Wine from winery Pétrus

Bordeaux is internationally recognised as the first and most important wine region in the world. The famous birthplace of the Châteaux is the capital of New Aquitaine and is located in southwest France. There are great names to be found written on the edges of its vineyards. These regions are the birthplace of the most sought-after wines, like those from Saint Émilion, Médoc, Graves or Pomerol, the latter being home to a winery that is a cut above the rest, whose reputation is “steady as a rock”, as the name suggests, and whose wines have become legendary and highly sought after but most importantly, they have earned the honour and reputation of being considered the best wines in the world. Let’s have a look at Pétrus.

Filter By

Production area
Type of grape

There is 1 product.

1 producto

Active filters

Petrus 2015

A legendary Pomerol red

France   AOC Pomerol (Bordeaux)

Petrus 2015
Quick view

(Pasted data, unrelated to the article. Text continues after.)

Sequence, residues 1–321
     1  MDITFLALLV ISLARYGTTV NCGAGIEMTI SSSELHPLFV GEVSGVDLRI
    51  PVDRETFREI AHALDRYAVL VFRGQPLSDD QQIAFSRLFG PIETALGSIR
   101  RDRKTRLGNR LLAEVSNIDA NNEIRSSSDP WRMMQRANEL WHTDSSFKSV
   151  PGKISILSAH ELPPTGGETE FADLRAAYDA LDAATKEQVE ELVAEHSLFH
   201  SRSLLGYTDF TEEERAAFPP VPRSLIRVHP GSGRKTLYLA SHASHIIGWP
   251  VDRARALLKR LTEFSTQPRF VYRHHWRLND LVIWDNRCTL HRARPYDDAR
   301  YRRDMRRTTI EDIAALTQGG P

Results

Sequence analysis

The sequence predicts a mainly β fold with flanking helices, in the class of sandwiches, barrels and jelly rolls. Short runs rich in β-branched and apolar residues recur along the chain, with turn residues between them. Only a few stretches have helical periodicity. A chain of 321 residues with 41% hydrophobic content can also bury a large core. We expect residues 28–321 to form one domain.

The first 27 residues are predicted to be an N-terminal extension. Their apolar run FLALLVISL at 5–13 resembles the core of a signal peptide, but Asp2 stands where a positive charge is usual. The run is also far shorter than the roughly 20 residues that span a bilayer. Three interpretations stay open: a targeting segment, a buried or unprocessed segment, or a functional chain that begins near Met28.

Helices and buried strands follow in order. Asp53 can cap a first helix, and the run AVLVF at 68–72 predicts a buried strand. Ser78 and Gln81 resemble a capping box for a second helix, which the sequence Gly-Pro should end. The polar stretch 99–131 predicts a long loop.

Price £3,972.61
Duty paid

More about Petrus

History of Pétrus

Pétrus, the wine “without a Château”.

Unlike the great Bordeaux wines, there is no Château type building on the Pétrus estate, as is usually the case for wineries in this area. So the wine label never refers to it as Château Pétrus.

But what we do find on the estate is a stone statue of St. Peter (Pétrus) with the key to the kingdom of heaven, an ideal welcome the winery.

The property belonged to the Arnaud family from the end of the 18th century, with some vintages being released as Pétrus-Arnaud. The 1868 edition of Cooks & Feret, the old Bordeaux wine directory, already mentioned Pétrus as one of the best Pomerol wines and ten years later, in 1878, during the Universal Exhibition in Paris, Pétrus won a gold medal, which put the name and the region in the spotlight: Pomerol.

In 1925, the Arnaud family gradually began to sell the property to Edmond Loubat, a hotelier from Libourne, the region where Pomerol is located, and finally his widow, Marie-Louise Loubat, acquired the whole thing in 1945. That is when the golden age of Pétrus began.

Mrs. Loubat had innate business sense and worked hard to make the most of what her terroir offered because she believed her wine was worth the same as the great Bordeaux wines. At that time, the Pétrus estate stretched over seven hectares.